Belfast Telegraph

How memory of Sinn Fein's reconciler-in-chief has been hijacked to become a byword for obstruction

Martin McGuinness had long since ceased to be a hate figure for unionists by the time his resignation as deputy First Minister collapsed the Executive a year ago ... and he'd have booted the disgraced Barry McElduff out of the party, says Malachi O'Doherty

Martin McGuinness
Martin McGuinness
Barry McElduff, who is under pressure over his ‘Kingsmill’ video

Martin McGuinness could be funny but he wasn't a clown. It's hard to imagine him prancing in front of a camera with a loaf on his head. That more sober approach would have spared him the disgrace that Barry McElduff's antics have landed him in.

And McGuinness managed a relationship with unionists for a time, even though they well knew that he stood by the IRA and its works. Before the first running of d'Hondt to select an executive in December 1999, an Ulster Unionist MLA briefed me that the party had been assured that Sinn Fein would not embarrass them by nominating to a ministerial position someone with a known IRA past.

This was when the SDLP was the majority party within nationalism and the deputy First Minister was going to be Seamus Mallon. Only two seats of the 10 would go to Sinn Fein anyway.

So there were genuine gasps of surprise when Gerry Adams stood up and nominated Martin McGuinness as Minister of Education.

The next day there were protest walkouts by pupils in some protestant schools.

McGuinness had been a hate figure for unionists for many years.

He was known to have been an IRA leader. Police officers who had stopped his car in Derry talked of his steely gaze. Once when the RUC had been delivering a road safety presentation in his child's school, McGuinness walked into the room and withdrew his child.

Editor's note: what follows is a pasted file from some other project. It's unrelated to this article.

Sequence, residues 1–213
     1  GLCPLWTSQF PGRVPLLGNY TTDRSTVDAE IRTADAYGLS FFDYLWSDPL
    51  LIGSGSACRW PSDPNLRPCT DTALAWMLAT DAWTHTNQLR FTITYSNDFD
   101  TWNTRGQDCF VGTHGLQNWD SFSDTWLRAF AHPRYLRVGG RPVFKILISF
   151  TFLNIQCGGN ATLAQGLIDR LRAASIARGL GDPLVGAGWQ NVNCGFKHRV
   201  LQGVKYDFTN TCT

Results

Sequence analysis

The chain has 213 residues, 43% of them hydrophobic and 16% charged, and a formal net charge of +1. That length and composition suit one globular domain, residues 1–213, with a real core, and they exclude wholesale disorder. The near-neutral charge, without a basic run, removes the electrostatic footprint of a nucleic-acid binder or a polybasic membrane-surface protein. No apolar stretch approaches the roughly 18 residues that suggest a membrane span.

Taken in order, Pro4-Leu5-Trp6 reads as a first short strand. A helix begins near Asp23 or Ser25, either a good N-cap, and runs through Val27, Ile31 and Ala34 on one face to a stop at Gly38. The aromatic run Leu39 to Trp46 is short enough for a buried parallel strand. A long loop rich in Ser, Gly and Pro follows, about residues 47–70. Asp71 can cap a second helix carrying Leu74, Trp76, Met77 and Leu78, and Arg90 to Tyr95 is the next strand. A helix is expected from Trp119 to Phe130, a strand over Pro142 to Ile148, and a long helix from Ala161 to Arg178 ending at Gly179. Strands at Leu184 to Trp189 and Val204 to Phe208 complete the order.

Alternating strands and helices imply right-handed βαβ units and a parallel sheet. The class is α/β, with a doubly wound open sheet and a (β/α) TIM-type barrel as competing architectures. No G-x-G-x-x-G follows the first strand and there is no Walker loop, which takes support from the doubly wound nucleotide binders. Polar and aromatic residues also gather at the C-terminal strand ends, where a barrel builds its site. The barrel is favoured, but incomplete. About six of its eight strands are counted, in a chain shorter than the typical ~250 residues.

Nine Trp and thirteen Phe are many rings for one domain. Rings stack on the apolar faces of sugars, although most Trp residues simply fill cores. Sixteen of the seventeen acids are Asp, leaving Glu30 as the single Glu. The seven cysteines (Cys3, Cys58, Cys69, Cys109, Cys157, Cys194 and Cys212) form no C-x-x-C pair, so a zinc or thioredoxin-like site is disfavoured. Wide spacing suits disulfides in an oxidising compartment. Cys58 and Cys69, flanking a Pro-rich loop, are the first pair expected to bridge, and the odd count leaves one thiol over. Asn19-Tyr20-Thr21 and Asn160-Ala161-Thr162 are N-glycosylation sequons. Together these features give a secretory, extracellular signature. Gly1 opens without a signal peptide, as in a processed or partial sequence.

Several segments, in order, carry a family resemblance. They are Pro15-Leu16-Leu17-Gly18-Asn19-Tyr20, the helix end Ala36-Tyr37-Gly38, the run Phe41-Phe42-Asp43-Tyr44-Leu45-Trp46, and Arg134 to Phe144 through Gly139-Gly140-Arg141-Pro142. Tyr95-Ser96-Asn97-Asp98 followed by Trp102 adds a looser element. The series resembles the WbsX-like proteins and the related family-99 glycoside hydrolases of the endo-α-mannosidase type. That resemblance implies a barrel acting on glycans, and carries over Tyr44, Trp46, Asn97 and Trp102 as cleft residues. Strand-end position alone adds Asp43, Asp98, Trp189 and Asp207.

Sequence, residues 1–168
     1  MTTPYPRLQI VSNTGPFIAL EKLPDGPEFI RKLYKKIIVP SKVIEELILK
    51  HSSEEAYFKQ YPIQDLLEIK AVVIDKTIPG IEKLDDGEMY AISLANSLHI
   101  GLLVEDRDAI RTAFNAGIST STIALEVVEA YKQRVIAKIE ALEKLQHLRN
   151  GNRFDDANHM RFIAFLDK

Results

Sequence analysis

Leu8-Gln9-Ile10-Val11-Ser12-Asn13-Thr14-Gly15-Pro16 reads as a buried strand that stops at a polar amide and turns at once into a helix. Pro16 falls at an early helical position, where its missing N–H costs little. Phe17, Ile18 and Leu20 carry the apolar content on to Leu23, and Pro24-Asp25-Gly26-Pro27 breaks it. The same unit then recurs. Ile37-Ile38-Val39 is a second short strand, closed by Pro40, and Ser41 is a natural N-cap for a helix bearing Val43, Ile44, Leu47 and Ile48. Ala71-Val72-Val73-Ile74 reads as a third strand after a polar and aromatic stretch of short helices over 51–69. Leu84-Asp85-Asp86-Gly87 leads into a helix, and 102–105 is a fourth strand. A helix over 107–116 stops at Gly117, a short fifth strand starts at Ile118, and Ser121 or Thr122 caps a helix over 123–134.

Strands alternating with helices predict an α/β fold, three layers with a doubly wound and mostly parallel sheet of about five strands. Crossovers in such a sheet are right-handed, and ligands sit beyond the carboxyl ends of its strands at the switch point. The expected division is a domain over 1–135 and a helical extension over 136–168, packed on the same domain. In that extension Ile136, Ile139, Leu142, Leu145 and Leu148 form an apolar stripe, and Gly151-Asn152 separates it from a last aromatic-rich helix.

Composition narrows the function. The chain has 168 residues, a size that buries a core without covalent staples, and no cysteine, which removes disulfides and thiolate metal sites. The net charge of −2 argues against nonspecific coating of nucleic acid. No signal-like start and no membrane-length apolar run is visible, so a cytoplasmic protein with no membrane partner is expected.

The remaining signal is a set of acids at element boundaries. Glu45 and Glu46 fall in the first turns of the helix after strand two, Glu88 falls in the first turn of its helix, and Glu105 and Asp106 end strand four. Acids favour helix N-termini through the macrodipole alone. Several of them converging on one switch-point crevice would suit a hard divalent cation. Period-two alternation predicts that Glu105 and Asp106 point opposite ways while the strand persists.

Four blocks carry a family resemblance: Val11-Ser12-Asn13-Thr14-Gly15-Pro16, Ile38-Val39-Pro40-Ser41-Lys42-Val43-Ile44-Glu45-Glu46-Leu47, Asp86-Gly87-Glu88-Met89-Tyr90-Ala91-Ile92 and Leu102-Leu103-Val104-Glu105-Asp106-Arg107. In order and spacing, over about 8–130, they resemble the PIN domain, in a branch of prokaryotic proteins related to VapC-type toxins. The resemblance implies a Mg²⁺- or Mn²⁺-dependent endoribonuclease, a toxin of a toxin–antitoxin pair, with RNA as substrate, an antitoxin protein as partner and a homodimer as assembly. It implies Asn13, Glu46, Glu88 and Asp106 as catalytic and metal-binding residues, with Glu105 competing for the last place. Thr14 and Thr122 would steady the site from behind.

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The police nickname for him was Art Garfunkel, countering his fearsome manner with mockery of his hair.

Martin McGuinness had been thought of in the IRA as a hardliner, one of those who swore after the calamitous 1975 ceasefire that there would be no future ceasefires without clear assurances in advance.

Through the early stages of the peace process there was media speculation that Adams would have problems getting McGuinness on side.

Much of this was based on a simple misreading. McGuinness proved to be a pushover. He loved the peace process. He frankly compared Adams to Mandela.

This has appalled some old diehards so much that they reason that he must have been working for the British all along.

When McGuinness took his seat at his office desk for his new job as Education Minister he smiled like a child opening his Christmas presents.

And that showed us that there was a soft side to this man, a very soft and sentimental side.

A year or so later, I was talking to some unionists about the latest crisis in devolution and it was clear that they did have a hate figure but it wasn't McGuinness; it was Bairbre de Brun. She as Health Minister annoyed them with her insistence on saying everything twice, first in Irish then in English, effectively halving the time they could question her on anything.

McGuinness was now 'Martin'. They weren't going to hug him or be matey with him in front of a camera but they didn't hate him any more. They did hate Gerry Adams and, as I suggested in my recent book about Adams, one of his contributions to the party might have been to act as a lightning rod for unionist contempt.

Every time Adams said he had never been in the IRA the rage flowed towards him, bypassing Martin McGuinness, Jennifer McCann, Caral ni Chuilin, Conor Murphy, Gerry Kelly and a host of other MLAs who were in no position to make such a denial.